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Keywords:

  • Lemna;
  • Atrazine;
  • Recovery;
  • Reversible;
  • Phytostatic

Abstract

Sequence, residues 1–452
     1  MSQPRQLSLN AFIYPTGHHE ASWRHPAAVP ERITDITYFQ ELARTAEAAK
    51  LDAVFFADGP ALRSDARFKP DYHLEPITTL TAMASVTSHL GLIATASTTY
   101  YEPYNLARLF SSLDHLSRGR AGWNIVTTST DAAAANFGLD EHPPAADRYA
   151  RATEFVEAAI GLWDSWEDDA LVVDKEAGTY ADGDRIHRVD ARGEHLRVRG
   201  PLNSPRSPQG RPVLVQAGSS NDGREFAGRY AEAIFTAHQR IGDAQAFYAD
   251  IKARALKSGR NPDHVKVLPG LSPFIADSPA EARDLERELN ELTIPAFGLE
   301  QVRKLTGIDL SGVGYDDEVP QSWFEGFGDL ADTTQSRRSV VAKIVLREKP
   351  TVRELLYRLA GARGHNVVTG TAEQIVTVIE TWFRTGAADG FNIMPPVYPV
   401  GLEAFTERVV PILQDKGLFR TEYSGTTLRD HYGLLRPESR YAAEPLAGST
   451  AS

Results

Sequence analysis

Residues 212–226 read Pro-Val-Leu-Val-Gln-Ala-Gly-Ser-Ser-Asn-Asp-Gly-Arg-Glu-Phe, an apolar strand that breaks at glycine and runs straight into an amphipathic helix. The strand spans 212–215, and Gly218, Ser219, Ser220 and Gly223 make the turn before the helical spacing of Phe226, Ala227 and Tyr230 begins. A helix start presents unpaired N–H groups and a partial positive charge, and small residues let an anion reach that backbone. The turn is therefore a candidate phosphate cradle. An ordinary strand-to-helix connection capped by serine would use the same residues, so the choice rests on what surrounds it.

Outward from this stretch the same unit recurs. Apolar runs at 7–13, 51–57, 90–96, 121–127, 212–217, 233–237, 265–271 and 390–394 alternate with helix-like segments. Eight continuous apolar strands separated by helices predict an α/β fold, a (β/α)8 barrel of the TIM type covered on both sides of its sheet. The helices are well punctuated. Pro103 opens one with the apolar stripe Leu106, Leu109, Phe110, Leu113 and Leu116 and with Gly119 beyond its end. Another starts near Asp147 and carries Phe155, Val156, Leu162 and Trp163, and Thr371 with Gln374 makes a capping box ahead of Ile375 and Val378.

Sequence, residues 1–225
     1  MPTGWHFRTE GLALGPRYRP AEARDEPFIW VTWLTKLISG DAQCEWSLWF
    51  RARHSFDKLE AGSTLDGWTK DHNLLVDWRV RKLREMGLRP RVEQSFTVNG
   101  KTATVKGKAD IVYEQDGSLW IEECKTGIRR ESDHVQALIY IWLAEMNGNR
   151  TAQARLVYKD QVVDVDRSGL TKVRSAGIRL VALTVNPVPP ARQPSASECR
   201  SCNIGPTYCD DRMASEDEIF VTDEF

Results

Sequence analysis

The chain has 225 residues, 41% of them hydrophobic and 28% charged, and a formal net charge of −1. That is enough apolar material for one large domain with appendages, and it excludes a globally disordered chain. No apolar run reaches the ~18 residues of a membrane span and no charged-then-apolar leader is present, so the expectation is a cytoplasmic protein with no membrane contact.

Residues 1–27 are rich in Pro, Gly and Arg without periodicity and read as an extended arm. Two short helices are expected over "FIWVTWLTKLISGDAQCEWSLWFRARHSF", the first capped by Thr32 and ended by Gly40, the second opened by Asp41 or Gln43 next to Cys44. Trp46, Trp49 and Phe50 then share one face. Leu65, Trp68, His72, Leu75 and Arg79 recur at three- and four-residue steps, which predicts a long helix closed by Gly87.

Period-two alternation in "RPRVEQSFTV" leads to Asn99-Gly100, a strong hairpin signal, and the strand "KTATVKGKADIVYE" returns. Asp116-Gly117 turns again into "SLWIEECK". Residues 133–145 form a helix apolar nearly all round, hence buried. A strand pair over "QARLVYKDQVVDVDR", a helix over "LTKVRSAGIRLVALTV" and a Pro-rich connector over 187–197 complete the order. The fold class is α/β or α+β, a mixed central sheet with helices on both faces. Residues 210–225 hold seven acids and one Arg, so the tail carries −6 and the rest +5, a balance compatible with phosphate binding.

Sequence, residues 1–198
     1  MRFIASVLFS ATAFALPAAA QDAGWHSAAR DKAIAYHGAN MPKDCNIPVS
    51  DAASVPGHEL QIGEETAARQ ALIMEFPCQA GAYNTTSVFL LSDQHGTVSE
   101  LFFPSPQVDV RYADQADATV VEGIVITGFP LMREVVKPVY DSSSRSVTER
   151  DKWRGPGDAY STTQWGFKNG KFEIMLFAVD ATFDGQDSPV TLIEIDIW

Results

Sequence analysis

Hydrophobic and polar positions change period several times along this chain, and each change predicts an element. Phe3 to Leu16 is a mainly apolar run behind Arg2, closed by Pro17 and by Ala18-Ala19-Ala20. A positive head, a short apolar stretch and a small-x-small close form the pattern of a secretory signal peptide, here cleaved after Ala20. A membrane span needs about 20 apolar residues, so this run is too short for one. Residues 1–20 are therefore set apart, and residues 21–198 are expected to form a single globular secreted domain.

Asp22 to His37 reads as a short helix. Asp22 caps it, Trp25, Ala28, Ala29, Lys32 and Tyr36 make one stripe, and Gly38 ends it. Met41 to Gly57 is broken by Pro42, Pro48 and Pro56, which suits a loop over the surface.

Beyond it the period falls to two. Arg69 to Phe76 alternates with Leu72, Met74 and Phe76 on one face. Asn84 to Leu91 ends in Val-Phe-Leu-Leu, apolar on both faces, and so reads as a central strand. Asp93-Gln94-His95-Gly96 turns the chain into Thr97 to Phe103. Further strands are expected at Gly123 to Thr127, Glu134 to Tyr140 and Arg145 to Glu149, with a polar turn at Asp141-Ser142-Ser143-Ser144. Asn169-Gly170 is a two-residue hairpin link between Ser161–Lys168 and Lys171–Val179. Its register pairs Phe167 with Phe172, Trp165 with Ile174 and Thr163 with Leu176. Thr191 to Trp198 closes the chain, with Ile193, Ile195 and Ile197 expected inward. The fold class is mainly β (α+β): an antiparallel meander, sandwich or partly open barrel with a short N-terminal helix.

The purpose of the present study was to evaluate the recovery of duckweed (Lemna gibba L. G3) after being removed from multiple duration exposures to the herbicide atrazine. Consequently, L. gibba were exposed under various scenarios to atrazine at nominal concentrations ranging from 5 to 160 µg/L and durations of 1, 3, 5, 7, 9, and 14 d under static-renewal test conditions. Exposures were followed by a recovery phase in untreated media for either 7 or 14 d. The 3-, 5-, 7-, 9-, and 14-d median effective concentration (EC50) values were >137, >137, 124, >77, and >75 µg/L, respectively, based on mean growth rate. No clear effect trends were apparent between exposure duration and the magnitude of effective concentrations (EC50s or EC10s). No phytocidal effects of chlorosis or necrosis were identified for any treatment scenario. Nearly all L. gibba plants transferred from treatment groups of different exposure scenarios to media without atrazine during the recovery phase had growth rates that demonstrated immediate recovery, indicating effects were phytostatic in nature and reversible. Only the 1- and 5-d exposure scenarios had growth rates indicating marginally prolonged recovery at the higher concentrations (160 µg/L; additionally, at 40 µg/L for the 5-d exposure). Time to recovery, therefore, was found to be largely independent of exposure duration except at the highest concentrations assessed. Based on growth rate by interval, all treatments demonstrated recovery by the final assessment interval (days 5–7), indicating complete recovery in all exposure scenarios by 7 d, consistent with the mode of action of atrazine. Environ. Toxicol. Chem. 2012; 31: 1121–1128. © 2012 SETAC